White House press secretary Sarah Sanders suggested Tuesday that the White House has found an alternative way to get its requested $5 billion in funding for a US-Mexico border wall, marking a reversal from President Donald Trump's previous position.
While Democratic leaders immediately rejected the proposal, the comments represented the White House's most significant steps in recent weeks toward trying to avert a partial government shutdown ahead of a Friday deadline. With Democratic opposition, however, members of Congress on both sides appeared to be instead considering a short-term extension of funding to move the deadline beyond the year-end holiday season into Congress' new term, which begins January 3.
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Earlier Tuesday, Sanders indicated that the White House could support a compromise bill to avoid such a shutdown.
"We have other ways that we can get to that $5 billion (for a border wall)," Sanders said Tuesday morning during an interview with Fox News.
"We will work with Congress if they will make sure we get a bill passed that provides not just the funding for the wall, but there's a piece of legislation that's been pushed around that Democrats actually voted 26-5 out of committee that provides roughly $26 billion for border security including $1.6 billion for the wall," she said. "That's something that we would be able to support as a long as we can couple that with other funding resources."
Sanders added: "At the end of the day, we don't want to shut down the government, we want to shut down the border."
Last week, Trump told Democratic leaders in a televised meeting he was willing to shut down the government over the border issue.
"I will take the mantle of shutting down, and I'm going to shut it down for border security," Trump had said.
Sanders appeared to suggest that the White House could support a bipartisan Senate bill that would fund the Department of Homeland Security, which the White House rejected earlier this year. CNN has asked the White House for clarification.
Senate Minority Leader Chuck Schumer initially offered this as an option to avoid a shutdown, but said last week it wasn't on the table anymore because it couldn't pass the House. That was in part because House Democrats are opposed to the $1.6 billion in wall funding.
Democrats say no
House Minority Leader Nancy Pelosi confirmed Tuesday Democrats remain opposed to this approach. Emerging from Schumer's office, Pelosi described the offer as "not acceptable."
"I don't know what the path might be out, but it might be a (short-term funding bill)," she said.
Echoing Pelosi's public statement, an aide said Schumer called Senate Majority Leader Mitch McConnell to reject the White House-GOP government funding offer, saying the nearly $1 billion fund structured for the administration's use on immigration "won't fly with Democrats."
The fund, the full details of which haven't been publicly released, included just short of $1 billion for the Trump administration to use for its immigration policy priorities. While it prohibited the administration from using any of the funds for wall construction, according to a Republican source, it was viewed by Democrats as an open-ended opportunity for Trump to pursue other priorities the party deeply opposes.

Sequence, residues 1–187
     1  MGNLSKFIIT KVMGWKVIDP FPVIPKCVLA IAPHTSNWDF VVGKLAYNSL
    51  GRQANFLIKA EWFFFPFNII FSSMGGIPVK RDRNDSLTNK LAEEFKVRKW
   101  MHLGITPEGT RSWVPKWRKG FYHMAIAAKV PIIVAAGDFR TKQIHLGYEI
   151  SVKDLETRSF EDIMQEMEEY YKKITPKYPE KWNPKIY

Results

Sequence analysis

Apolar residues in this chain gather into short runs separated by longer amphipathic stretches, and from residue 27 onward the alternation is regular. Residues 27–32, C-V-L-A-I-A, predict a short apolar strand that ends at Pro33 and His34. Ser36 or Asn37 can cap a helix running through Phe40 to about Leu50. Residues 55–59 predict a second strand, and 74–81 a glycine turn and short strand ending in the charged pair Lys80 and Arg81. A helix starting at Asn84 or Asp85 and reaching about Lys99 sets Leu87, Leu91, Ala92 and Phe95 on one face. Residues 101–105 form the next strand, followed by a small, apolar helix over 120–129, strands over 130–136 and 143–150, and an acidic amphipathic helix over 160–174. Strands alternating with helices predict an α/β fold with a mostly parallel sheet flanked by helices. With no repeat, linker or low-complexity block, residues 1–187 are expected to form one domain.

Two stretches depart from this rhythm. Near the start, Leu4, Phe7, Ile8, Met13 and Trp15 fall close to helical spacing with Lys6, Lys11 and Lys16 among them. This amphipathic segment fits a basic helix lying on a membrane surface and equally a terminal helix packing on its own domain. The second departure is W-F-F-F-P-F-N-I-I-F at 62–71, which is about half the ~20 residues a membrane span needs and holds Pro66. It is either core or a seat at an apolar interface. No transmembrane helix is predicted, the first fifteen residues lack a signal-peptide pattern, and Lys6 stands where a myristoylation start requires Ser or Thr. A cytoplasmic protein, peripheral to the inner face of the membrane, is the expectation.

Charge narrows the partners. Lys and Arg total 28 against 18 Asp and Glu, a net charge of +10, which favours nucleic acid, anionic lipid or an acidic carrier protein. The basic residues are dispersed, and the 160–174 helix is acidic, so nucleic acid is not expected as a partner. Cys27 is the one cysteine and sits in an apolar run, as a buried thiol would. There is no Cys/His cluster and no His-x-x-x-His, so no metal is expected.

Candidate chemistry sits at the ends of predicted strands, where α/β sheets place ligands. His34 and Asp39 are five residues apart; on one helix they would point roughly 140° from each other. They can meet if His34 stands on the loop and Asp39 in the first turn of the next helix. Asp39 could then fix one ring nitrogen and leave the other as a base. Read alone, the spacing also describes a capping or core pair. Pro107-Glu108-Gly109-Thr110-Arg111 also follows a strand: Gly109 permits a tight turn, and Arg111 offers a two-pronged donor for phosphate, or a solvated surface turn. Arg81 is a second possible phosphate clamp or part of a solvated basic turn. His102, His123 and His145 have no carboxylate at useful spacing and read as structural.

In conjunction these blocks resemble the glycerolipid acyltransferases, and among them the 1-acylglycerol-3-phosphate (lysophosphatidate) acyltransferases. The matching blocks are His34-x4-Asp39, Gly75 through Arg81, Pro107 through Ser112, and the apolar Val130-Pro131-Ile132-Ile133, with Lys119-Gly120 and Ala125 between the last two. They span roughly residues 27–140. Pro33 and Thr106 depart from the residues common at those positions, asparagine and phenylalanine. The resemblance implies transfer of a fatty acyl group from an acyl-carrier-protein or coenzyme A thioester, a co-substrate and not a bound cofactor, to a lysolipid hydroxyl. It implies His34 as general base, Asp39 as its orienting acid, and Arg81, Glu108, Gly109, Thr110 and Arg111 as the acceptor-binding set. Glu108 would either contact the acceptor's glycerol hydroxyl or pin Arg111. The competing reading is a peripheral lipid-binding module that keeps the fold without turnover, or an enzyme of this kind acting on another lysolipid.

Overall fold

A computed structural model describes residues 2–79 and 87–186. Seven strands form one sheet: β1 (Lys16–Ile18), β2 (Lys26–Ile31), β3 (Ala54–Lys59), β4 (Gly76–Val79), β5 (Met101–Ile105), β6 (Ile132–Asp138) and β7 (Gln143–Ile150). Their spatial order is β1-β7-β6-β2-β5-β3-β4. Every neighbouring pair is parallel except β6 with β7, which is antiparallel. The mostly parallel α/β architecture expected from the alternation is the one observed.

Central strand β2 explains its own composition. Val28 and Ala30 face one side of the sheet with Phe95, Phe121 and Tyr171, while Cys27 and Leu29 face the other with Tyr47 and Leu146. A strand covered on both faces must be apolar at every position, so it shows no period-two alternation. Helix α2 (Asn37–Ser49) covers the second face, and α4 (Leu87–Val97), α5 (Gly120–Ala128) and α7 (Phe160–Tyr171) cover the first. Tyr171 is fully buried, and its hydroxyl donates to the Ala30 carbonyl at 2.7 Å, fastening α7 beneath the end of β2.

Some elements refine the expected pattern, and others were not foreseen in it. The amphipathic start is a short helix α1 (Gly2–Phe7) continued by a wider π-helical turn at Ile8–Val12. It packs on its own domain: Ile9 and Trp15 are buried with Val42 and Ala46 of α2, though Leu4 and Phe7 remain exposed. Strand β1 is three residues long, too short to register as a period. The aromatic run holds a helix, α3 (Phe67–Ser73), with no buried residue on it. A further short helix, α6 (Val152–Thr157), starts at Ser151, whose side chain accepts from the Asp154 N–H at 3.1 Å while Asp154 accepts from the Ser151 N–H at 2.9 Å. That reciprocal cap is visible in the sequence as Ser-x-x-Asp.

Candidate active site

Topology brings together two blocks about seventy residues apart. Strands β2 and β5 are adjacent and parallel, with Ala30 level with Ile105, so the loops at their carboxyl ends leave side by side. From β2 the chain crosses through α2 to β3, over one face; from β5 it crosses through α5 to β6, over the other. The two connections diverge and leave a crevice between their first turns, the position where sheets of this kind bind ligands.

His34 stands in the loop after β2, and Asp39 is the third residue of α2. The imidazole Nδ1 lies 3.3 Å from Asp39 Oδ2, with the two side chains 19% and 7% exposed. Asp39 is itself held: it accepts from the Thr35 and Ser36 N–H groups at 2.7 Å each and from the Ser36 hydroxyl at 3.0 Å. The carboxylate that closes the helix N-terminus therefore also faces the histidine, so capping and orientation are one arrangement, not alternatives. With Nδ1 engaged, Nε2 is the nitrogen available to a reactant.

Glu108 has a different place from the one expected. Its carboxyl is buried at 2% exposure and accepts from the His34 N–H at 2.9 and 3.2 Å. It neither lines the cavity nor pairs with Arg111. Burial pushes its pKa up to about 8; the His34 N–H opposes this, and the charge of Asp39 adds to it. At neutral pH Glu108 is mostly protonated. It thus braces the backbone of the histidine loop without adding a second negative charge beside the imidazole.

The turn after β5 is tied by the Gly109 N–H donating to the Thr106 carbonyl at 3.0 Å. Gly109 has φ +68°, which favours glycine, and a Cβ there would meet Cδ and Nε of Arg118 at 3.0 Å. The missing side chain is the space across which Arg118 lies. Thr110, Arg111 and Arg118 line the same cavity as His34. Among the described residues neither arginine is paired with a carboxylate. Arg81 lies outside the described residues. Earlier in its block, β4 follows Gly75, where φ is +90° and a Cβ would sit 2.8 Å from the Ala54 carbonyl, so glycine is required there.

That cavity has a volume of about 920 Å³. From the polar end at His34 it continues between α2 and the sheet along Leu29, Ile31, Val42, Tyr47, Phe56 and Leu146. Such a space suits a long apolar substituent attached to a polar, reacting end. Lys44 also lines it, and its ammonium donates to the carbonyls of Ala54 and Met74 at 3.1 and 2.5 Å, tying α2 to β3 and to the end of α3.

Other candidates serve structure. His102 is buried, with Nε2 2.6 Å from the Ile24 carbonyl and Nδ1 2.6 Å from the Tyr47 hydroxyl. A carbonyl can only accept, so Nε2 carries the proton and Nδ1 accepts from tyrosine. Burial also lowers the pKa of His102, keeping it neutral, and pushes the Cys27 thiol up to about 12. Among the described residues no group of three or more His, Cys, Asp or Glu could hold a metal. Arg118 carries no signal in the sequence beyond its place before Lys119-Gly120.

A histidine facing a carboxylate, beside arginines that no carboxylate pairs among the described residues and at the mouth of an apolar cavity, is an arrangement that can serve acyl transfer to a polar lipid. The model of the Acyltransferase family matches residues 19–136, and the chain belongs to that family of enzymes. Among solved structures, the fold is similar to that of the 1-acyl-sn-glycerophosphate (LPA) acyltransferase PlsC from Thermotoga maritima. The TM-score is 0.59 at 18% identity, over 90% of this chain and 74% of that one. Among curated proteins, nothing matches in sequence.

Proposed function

The view from Democrats remains that their offers are on the table and it is up to McConnell and Trump to come back to them with another offer. Opening the door to the Senate DHS appropriations bill is viewed as a positive step, but the addition of the fund was a nonstarter.
Congressional Republicans also appeared to support a short-term extension of funding on Tuesday afternoon. Sen. Richard Shelby of Alabama, chairman of the Appropriations Committee, said he's "looking toward that" when asked about the short-term solution, but he added that Republicans haven't reached a final decision.
It's unclear whether the White House would sign a short-term funding extension, and McConnell told reporters he is consulting the White House "about the way forward" on government funding.
When McConnell was asked if he was sure there would not be a partial government shutdown at the end of this week, the Kentucky Republican replied, "Yes, I'm sure."
Trump asks Cabinet to ID border funds
Trump has asked agency heads to identify available funds for border security, Sanders said later Tuesday during her press briefing, suggesting that could provide an option that would avert a partial government shutdown.
But still, Sanders did not commit to any particular plan that would provide funding for government agencies.
"At this point, we're disappointed in the fact they've yet to vote and pass something," she said of the US Senate. "When they do that, we'll make a determination whether we're going to sign that."
"The President has asked every one of his Cabinet secretaries to look for funding that can be used to protect our borders and give the President the ability to fulfill his constitutional obligation to protect the American people by having a secure border."
Sanders said the White House continues to look at options and is monitoring the Senate's moves.
Earlier Tuesday, she said the White House has "been in continuous conversations" with Republicans and Democrats on shutdown negotiations, with talks happening as recently as Tuesday morning. But that appeared at odds with Senate Republicans who on Monday told CNN that they felt in the dark about the White House's plans to fund the government.
"We've been very clear with members of both Republicans and Democrats in the House and the Senate on what we want to see," Sanders said.
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